Perpetuating the memory of one of the greatest men of the Victorian age


Welcome to The William Morris Society, founded in 1955 to share knowledge of the life and works of William Morris amongst our members and the wider public.

Our museum is currently closed due to the COVID-19 pandemic. If you are able, please make a donation to help us continue our education work, to care for our unique collection, and to preserve the legacy of William Morris. Thank you!

About the society

An introduction to William Morris

William Morris (24 March 1834 – 3 October 1896) was a revolutionary force in Victorian Britain whose work dramatically changed the fashions and ideologies of the era. As a craftsman, designer, poet, printer, socialist, novelist, and environmentalist, Morris was not only influential in his own time, but his legacy remains alive and important today.

About William Morris

What's on

The Society has an exciting variety of exhibitions and events throughout the year.

May 15, 2021 15.00-16.00

Online talk: A Kelmscott Chaucer for our times

William Morris founded his Kelmscott Press in 1890 in order to save the fine art of hand printing in Britain. When in 1896 his last book, the Works of Geoffrey Chaucer, was published, it was universally hailed as the greatest …

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May 18, 2021 11.00-11.30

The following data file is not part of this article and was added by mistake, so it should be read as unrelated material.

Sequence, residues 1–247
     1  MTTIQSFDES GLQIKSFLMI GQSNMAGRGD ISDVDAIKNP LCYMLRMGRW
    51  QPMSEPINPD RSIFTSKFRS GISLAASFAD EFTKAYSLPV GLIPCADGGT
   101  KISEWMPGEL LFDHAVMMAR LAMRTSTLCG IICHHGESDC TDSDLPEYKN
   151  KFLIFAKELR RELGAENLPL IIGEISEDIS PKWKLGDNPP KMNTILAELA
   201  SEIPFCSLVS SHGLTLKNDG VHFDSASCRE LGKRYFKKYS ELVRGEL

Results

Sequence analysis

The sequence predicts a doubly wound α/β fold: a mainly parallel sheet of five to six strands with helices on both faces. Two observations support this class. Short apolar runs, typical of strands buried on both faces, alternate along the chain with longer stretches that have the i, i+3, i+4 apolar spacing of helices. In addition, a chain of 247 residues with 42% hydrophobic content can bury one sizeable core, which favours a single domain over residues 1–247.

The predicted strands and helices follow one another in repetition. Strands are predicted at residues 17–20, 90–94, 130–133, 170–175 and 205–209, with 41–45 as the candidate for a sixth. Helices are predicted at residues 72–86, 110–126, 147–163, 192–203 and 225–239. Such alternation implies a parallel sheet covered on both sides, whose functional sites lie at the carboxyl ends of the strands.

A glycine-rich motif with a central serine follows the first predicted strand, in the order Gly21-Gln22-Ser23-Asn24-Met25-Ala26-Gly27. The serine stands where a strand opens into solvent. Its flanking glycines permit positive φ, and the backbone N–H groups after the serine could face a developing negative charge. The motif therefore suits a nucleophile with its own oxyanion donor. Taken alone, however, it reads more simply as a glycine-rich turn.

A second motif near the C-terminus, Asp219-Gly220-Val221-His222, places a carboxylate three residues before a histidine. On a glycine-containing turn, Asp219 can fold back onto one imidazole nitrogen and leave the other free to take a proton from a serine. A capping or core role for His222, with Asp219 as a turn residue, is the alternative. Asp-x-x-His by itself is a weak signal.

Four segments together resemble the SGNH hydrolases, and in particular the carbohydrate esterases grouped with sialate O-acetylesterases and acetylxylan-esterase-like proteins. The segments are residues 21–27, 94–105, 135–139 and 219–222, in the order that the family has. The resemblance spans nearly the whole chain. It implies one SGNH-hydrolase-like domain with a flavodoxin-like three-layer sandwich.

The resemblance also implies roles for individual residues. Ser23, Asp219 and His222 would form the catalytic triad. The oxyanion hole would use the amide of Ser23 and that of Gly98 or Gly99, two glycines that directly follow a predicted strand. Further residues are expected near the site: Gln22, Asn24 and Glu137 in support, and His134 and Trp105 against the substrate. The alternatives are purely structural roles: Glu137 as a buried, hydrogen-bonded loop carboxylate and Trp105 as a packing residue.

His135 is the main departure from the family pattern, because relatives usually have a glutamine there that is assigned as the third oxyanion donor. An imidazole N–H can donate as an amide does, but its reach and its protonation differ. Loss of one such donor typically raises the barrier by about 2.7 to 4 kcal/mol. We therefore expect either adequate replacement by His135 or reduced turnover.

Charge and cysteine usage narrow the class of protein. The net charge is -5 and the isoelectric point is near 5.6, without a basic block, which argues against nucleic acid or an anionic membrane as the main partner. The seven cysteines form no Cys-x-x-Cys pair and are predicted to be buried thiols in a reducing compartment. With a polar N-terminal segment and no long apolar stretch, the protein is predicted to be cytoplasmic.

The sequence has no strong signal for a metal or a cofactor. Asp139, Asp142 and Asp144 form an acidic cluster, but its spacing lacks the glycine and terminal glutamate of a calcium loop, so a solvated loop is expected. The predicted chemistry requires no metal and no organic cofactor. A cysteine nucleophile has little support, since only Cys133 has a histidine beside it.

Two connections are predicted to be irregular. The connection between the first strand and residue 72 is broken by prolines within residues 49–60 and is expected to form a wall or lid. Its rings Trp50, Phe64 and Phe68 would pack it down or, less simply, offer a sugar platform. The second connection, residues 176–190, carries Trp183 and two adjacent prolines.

Coffee with a Curator – online talk

Join Curator Helen Elletson to explore some of the fascinating objects in The William Morris Society’s collection Earlier this year, …

June 4, 2021 16.00-18.00

Online embroidery course with Becky Hogg: Strawberry

**LAST CHANCE** BOOKINGS CLOSE 30 APRIL Learn how to make a stunning embroidered strawberry in metal threads with designer Becky …

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Latest news

  • Calling volunteers!

    May 6, 2021

    Do you have a few hours to spare? As we prepare for reopening our museum, we’re looking for volunteers who enjoy working with the public. If you have an interest in heritage, craft or design, or just want to meet…

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  • William Morris and Arsenic

    May 6, 2021

    Were Morris’s wallpapers responsible for poisoning his Victorian followers? And did he profit from his connection with the production of arsenic by Devon Great Consols? This blog scrutinises the facts and urban myths behind these accusations.

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